A dozen UK companies, including several in the north-east, are to benefit from a share of more than a million pounds to help realise their offshore wind ambitions.
The Offshore Wind Growth Partnership (OWGP) has announced the ten winners in its ‘Cross-Sector Support’ and ‘Open Call’ funding competitions.
It has also confirmed the two firms that are undertaking its business improvement programme.
The OWGP was established as part of the Offshore Wind Sector Deal and is financed by members of the Offshore Wind Industry Council (OWIC).
In the ‘Cross-Sector Support’ and ‘Open Call’ funding rounds, ten companies, ranging from those already active in offshore wind to those diversifying from other sectors such as oil and gas, secured a combined £600,000 in grant funding.
The firms themselves put in a matched contribution of £400,000.
Aberdeen-headquartered offshore engineering firm Apollo and EC-OG, which is based in Bridge of Don on the outskirts of the Granite City, were successful in the ‘Cross-Sector Support’ call.
They were joined by Ledwood, Sheffield Forgemasters and Vrai, with the firms being recognised for projects that “address barriers to diversification” and support the expansion of the UK supply chain.
On the ‘Open Call’ side, Orkney-headquartered Leask Marine, Cognitive Business, MarynSol, Offshore Survival Systems and Sennen Tech were winners with projects that will “develop innovative solutions” and “demonstrate improved competitiveness” within the supply chain.
These projects are expected to begin this month.
In addition, Wescott Industrial Services and Inverness-based Global Energy Group (GEG) have commenced their journey on the OWGP’s Sharing in Growth business improvement programme.
The initiative, which is the first of its kind in the offshore wind sector, is designed to help “forward-thinking companies” compete in the global market.
Both firms will be given £150,000 in grant funding over nine months to support a series of structured improvement activities provided by Sharing in Growth.
GEG, based in Port of Nigg in the Cromarty Firth, has enjoyed a bumper start to 2021. Its announcement last month that it had appointed a new chief executive was followed by news last week it had bagged a contract for work on the major Seagreen offshore wind development.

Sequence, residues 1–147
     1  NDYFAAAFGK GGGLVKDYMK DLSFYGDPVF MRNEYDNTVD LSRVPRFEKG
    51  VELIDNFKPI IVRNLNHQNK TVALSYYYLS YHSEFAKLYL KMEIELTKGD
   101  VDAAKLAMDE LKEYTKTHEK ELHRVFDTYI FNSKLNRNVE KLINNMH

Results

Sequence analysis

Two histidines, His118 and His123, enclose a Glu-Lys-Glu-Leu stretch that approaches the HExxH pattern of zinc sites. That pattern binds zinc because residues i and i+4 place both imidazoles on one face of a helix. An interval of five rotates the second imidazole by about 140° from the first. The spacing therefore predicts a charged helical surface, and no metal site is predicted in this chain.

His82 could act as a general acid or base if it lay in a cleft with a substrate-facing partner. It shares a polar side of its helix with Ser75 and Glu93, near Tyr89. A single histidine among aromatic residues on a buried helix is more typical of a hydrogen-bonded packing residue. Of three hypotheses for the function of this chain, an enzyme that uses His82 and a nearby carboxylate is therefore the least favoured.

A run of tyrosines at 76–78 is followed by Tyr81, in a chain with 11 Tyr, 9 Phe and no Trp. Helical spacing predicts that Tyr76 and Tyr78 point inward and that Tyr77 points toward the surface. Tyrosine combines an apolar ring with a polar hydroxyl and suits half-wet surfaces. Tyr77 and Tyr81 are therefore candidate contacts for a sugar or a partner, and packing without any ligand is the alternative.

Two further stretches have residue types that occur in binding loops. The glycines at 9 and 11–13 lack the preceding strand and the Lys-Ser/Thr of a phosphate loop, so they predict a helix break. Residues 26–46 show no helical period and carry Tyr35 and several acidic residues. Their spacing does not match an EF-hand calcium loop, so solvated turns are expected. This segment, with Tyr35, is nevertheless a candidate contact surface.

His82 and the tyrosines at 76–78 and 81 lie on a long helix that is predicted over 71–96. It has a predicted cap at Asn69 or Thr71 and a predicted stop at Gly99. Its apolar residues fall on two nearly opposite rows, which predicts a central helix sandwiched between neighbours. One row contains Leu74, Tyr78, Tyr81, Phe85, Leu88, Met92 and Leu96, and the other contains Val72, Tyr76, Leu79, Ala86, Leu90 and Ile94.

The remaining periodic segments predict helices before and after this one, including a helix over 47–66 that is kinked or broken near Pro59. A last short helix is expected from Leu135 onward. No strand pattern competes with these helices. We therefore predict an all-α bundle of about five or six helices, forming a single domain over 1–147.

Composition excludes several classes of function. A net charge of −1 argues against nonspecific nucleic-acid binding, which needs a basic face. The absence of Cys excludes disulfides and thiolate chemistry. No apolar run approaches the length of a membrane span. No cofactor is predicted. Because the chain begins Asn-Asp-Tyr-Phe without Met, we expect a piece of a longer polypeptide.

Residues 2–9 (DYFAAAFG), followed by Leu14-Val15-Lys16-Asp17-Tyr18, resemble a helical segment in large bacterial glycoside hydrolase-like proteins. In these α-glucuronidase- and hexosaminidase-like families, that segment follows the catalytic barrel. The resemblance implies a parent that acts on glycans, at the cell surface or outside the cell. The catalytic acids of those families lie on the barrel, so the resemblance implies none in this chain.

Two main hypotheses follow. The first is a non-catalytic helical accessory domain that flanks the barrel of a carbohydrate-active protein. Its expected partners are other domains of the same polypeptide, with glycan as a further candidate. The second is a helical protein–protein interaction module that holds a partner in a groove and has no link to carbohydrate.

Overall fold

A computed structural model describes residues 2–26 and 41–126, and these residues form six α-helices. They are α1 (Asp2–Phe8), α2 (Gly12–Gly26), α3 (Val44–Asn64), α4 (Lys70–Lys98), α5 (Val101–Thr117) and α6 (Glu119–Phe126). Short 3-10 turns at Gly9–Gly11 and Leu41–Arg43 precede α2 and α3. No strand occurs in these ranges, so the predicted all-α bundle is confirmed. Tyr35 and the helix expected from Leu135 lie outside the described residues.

Andrew Macdonald, OWGP Programme Director said: “These twelve companies represent a growing community of supply chain companies from across the UK being supported by OWGP, bringing the total number of companies awarded support to forty-eight. In 2021, we will be further expanding our reach – helping more start-ups to grow, and bigger companies get better.”
Tim Cornelius, GEG CEO, said: “We are delighted to receive this support from OWGP’s Sharing in Growth business improvement programme. We are designing a facility that must be able to compete in terms of safety, quality, productivity and cost in the global offshore wind market and this program will provide us access to sector experts who will assist us in being world class from day one.
“The UK must strive to re-establish itself as a leader in advanced manufacturing or risk missing out on the real economic benefits of the offshore wind boom.
“The program will help companies like GEG learn from other relevant sectors to accelerate our journey towards optimum productivity, reduced waste and maximum adoption of best practice and cutting edge technologies.”
Danielle Lane, Co-Chair of OWIC and UK country manager for Vattenfall, said: “The wide range of companies which have secured funding shows that businesses from diverse sectors are finding new opportunities in the UK’s rapidly expanding offshore wind supply chain.
“The Offshore Wind Growth Partnership is proactively seeking out new entrants to our industry to ensure we maximise the economic benefits of offshore wind for UK firms.
“These innovative companies are bringing transferable skills and a wealth of expertise to our sector. Over the course of this decade, we will need many more firms like these to enter the supply chain as we quadruple our offshore wind capacity.
“This technology has a central role in the Prime Minister’s Green Industrial Revolution and in helping the UK to reach net zero emissions as fast as possible”.